In the past two weeks we have been bombarded with challenging news on every front, bringing uncertainty into our lives faster than we can comprehend. In many cases we are alone, isolated, fearful and afraid.
We now know that the Corona Virus, COVID-19, is not a hoax, a Chinese plot, or a regular version of the seasonal flu. We know that it is highly contagious, more lethal than the flu and there is no current vaccine or treatment.
There are heroes working amongst us. It is not just the hospital workers and doctors that deserve our praise. The selfless workers in nursing homes and assisted living facilities are keeping those most vulnerable, the elderly, safe in difficult circumstances.
The stock boys and cashiers at the grocery stores are keeping our pantries full even as some hoard goods they could never use. Restaurants have adapted to the devastating order to close their dining rooms. Delivery of food, goods and services has evolved more in the past two weeks than it has in the past ten years. Even churches have had to adapt to an online presence.
Our world is changing faster than most of us could have ever imagined. The frustrating thing is the enemy is one we cannot see. It lurks and lingers in wait for the unsuspecting or unprepared. We do what we can, washing hands, covering our mouths when we cough, and learning to elbow bump.
We can do more. We can take self-isolation seriously. We can back away from a well-intentioned hug. We can think of ourselves as unaware carriers rather than victims. It is not just your health you have in your hands; it is the health of everyone with whom you have contact.
There are bright slivers of light on the horizon. Our leadership seems to finally have grasped the gravity of the situation. Needed medical supplies, masks, and personal protective equipment are promised daily. Clinical trials for treatment are underway and work on a vaccine has started.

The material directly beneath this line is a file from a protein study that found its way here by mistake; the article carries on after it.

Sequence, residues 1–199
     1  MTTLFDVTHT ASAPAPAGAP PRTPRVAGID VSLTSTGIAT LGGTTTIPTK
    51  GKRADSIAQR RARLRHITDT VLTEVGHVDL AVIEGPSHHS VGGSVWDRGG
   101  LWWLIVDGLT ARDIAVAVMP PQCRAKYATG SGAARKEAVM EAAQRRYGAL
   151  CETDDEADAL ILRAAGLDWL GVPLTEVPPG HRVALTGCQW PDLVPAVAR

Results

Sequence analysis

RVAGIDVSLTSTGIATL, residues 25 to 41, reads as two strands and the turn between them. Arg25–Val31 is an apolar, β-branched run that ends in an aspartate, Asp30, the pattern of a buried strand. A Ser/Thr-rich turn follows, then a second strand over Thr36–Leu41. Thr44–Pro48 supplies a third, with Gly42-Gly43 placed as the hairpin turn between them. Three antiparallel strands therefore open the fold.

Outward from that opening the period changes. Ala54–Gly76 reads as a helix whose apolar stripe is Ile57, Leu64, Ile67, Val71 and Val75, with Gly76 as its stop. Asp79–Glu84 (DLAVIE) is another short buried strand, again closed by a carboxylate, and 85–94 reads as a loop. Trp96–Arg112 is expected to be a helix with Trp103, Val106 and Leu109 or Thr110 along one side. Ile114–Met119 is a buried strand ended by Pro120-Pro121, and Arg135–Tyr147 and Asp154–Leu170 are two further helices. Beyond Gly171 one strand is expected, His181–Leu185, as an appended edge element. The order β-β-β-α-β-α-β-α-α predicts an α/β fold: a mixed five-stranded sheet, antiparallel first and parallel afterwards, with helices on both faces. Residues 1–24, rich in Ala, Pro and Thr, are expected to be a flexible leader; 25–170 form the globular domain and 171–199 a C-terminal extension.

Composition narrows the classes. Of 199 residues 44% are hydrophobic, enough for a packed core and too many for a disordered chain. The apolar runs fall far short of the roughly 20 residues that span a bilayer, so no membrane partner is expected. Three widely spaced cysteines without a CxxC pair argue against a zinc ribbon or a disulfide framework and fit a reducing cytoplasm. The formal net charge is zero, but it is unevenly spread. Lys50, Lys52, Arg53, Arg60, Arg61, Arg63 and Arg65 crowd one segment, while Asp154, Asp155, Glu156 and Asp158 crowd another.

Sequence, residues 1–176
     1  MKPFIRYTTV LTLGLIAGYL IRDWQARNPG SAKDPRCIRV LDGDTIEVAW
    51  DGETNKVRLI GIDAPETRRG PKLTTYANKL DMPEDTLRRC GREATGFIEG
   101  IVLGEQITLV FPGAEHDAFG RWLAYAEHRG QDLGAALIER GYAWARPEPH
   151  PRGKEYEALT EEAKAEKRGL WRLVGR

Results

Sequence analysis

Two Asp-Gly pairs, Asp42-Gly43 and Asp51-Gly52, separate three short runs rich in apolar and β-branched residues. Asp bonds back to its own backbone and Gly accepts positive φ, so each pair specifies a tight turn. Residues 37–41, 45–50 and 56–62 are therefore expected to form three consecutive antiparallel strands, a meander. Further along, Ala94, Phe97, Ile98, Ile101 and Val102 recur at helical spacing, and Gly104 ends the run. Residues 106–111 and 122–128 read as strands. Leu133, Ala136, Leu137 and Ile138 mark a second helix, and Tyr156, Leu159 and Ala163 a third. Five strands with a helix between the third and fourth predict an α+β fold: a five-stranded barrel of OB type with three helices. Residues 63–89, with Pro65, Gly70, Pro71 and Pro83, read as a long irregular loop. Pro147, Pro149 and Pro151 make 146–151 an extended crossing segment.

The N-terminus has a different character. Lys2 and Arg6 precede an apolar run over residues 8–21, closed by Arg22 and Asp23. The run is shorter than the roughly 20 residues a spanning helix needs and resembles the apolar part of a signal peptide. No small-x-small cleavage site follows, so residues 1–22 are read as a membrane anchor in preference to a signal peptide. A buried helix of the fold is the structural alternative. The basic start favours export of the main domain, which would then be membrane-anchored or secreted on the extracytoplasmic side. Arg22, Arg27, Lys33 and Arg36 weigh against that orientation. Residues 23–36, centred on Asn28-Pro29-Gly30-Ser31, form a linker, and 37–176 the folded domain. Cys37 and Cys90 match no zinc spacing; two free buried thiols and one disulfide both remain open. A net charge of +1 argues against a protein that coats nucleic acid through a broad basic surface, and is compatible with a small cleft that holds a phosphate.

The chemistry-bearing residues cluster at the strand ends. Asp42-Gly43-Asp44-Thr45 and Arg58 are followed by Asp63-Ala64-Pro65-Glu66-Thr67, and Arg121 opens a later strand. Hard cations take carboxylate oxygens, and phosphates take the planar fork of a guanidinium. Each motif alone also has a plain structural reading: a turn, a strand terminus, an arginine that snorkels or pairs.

Things will get better, hopefully sooner rather than later. Americans are up to the challenge. We can help each other while the world’s greatest minds try to figure out how to tame this invisible terror.
Under these circumstances, I have concluded that now is the time for me to resign as Mayor of Donalsonville. As painful as that is for me personally, I realize that these times call for a Mayor that lives and works in the city, that is engaged every day in the life of the community, and that is there on the front lines with those in city government.
As most of you know, my brother and I sold our company in December of 2018. My wife and I sold our house in Donalsonville several months ago, though we had moved the furniture out at the end of last Summer. We now live in Auburn, Alabama which has long been a part of our retirement plan.
Donalsonville needs a Mayor that lives and works among you. I am one that no longer lives in Donalsonville, Seminole County or even in Georgia.
It had been my hope and the hope of the City Council that I could remain until the end of my term, which is January 1, 2022. I especially wanted to remain to assist in the cleanup from Hurricane Michael, which has largely been completed.
There is never a good time to leave a place you love, that gave you a good living, helped nurture your family, and honored you with the opportunity to lead in good times and bad. However, in this case, I truly believe that Donalsonville needs a Mayor that can commit to seven days a week, twenty-four hours a day.
I currently make the two and a half hour drive each way once or twice a week. I meet with the City Manager, and others at City Hall. I sign whatever documents need signing and hold whatever meetings that are necessary to conduct the regular business of the city. But I now know that these are no longer regular times and being in town one or two days a week is no longer good enough.
I am confident that the city will be in good hands. Most of the goals I had when I was first elected have been accomplished. We have a good and experienced City Manager, an excellent City Clerk, a cohesive City Council that seeks the best course for the city. Our departments all have competent leadership.
The city is financially is good shape, especially given the impact of Hurricane Michael. There are several substantial projects either planned or underway that are significant positives for Donalsonville.
The one thing the City does not have but needs more than ever is a full-time Mayor. Unfortunately, that is something I cannot give. Only by resigning can I open the door for a new Mayor to step into the role in a way that is needed at this time. Waiting another year and a half until my term expired would be irresponsible in these current times.
While state law required my immediate resignation in order to get the special election on the ballot for May 24, I will be available in any capacity to insure an orderly transition. Mayor Pro-Tem Ed Bond will serve as Mayor until the special election is held in late May.
I have been honored to serve as your County Commission Chairman, State Representative and Mayor of Donalsonville. I hope that I have done you proud.
Dan Ponder can be reached at firstname.lastname@example.org